Someone at Netflix loves greenlighting modern-day Cyrano de Bergerac retellings at Netflix. It backfired with Ian Samuels’ SIERRA BURGESS IS A LOSER (2018), where the titular character catfishes. There is little difference with writer/director Alice Wu’s THE HALF OF IT (2020). However, it remains to be seen whether audiences will tag it as a catfishing film or the new LGBT Cyrano de Bergerac.

The film stars Ellie Chu (Leah Lewis) as a high schooler who writes school papers for students for money. Normally, a high schooler could get failed for this behavior. In the film’s universe, Ellie’s teacher is too lazy to do anything about it, and gives her a nod and a wink that it’s okay. Wu also provides Ellie with a situation where she needs fifty dollars to pay an electric bill for her dad. This somehow justifies her to accept an offer from a fellow student, Paul Munsky (Daniel Diemer), who wants her to write a love letter to his crush, Aster (Alexxis Lemire). The problem is that Ellie also has a secret crush on Aster as well.

Somehow, Paul has already written a letter to Aster that he gives to Ellie to proofread. His words are supposed to be all wrong, but it ends up being the funniest part in the movie. This is where the faults in the script really start to show. The conflict of interest is too great: Ellie has a thing for Aster, so she discourages Paul to meet up with Aster right away, which is the only thing that he wants. By the time they have a date, Paul and Aster clearly have nothing in common but she keeps wanting to see him. Paul and Ellie also develop a close friendship; the first time I watched the film, it seemed to me that something was developing between them. Ellie eventually describes what she likes about Aster to Paul and it is too on the nose. He has the realization that Ellie is falling for Aster, but the way the scene is staged is really obvious. Aster and Ellie are also not really right for each other. Aster is a pretty church girl and Ellie is a nerdy atheist.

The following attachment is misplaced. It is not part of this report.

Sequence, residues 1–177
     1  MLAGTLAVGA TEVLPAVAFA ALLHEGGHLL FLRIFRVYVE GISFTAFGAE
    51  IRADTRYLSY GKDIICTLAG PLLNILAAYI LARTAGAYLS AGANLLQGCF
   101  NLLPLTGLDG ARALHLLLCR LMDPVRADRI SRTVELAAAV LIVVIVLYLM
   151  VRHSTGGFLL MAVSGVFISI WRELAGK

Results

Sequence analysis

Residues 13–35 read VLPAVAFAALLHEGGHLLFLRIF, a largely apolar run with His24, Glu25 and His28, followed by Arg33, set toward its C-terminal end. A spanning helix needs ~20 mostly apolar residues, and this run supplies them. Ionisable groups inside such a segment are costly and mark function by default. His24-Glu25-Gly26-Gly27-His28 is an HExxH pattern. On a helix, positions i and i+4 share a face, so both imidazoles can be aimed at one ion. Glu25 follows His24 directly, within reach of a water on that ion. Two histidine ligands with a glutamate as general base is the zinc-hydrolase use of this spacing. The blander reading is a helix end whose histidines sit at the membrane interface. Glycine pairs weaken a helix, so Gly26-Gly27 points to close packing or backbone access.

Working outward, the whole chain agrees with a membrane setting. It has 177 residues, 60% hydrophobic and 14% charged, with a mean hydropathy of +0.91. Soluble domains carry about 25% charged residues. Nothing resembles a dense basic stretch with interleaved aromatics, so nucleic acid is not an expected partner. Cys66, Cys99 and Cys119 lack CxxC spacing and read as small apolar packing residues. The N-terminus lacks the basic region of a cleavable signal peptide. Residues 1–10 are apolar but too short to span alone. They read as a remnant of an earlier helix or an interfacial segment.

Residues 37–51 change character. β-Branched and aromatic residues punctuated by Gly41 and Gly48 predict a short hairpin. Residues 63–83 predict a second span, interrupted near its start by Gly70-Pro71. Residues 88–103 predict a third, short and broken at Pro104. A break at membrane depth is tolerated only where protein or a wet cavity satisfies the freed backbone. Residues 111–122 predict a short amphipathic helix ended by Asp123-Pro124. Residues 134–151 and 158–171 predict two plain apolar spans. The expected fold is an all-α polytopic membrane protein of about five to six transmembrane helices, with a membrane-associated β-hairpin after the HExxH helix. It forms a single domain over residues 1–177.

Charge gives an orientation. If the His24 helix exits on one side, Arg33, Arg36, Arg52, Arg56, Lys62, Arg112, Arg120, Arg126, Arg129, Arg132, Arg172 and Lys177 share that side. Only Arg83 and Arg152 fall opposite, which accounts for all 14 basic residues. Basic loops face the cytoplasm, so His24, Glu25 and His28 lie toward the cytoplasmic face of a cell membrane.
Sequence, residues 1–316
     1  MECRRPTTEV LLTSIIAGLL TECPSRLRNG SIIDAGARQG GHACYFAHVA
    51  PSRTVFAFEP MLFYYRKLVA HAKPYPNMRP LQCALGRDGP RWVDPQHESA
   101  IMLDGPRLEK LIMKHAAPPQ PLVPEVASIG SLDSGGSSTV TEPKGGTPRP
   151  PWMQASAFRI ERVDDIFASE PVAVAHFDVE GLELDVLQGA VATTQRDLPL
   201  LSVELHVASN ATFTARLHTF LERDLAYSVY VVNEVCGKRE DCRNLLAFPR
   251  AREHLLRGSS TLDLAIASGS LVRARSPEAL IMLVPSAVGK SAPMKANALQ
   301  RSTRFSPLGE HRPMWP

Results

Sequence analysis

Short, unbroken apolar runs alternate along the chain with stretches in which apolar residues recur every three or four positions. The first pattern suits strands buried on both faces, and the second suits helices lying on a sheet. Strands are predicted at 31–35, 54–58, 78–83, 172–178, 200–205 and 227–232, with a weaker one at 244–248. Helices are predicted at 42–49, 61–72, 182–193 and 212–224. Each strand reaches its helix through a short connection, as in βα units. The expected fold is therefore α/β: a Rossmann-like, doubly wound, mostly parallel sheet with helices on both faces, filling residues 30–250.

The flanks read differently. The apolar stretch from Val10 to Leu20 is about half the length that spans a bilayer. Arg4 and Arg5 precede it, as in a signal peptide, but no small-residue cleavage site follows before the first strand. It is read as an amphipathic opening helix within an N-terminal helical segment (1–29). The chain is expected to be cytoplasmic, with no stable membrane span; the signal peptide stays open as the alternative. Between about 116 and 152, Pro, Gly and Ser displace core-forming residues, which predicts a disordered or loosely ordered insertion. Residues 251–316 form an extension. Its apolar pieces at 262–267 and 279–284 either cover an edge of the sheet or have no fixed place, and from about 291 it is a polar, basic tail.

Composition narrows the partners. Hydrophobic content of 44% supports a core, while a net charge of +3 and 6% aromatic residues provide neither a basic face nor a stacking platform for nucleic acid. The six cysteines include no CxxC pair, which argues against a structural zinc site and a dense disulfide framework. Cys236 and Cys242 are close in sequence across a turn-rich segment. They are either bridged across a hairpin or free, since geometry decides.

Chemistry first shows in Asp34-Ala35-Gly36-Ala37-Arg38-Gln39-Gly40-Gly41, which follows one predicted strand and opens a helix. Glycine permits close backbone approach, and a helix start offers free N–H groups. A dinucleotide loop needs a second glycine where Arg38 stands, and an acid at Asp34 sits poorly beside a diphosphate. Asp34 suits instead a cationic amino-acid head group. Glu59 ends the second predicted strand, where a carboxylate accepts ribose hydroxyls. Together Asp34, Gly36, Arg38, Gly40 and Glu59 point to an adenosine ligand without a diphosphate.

There were also several times that Ellie snuck hidden messages to Aster, but they were supposed to be from Paul. Aster never mentioned these things to Paul there was no hiccup or Aster finding out that these messages were from someone else.

A lot of things were underdeveloped including a MEAN GIRLS (2004) subplot involving Aster being accepted into a clique, the talent show (Ellie is shown signing up for it and performing in it and nothing in between), a random character named Trig (Wolfgang Novogratz) who Aster thinks she likes but he thinks Ellie likes her. However, if it was supposed to be a love triangle, there is no misunderstanding or jealousy between the girls. Trig seemed to be there for comedic effect, but his presence always felt weird. Trig also looks so much like Paul that it may be confusing for some people.

The film often seemed unwieldy. When Paul came to the realization that Ellie was gay, he entered a search on his laptop which his mother discovered. For a brief moment, it seemed that Paul’s mother seemed to think that he was gay. However, that was also not explored either. I think it’s great that Netflix took a chance on a film directed by a woman from the LGBT community. However, I find it impossible to get past the messy script. I was very harsh with my rating of THE SOCIAL NETWORK (2010), because a smart, grown man (Aaron Sorkin) wrote witty dialogue for characters that were hapless college bros. Sophomoric dudes didn’t talk with such sophistication. And in THE HALF OF IT, the high schoolers study Sartre or Camus, while still being unable to halfway express themselves. I loved Ellie’s introspective voiceover throughout the film. However, besides exploring a girl on girl crush, the film didn’t have much to offer. Like life, it didn’t have a fixed ending. However, this is a Netflix movie. Answers and closure would be nice.

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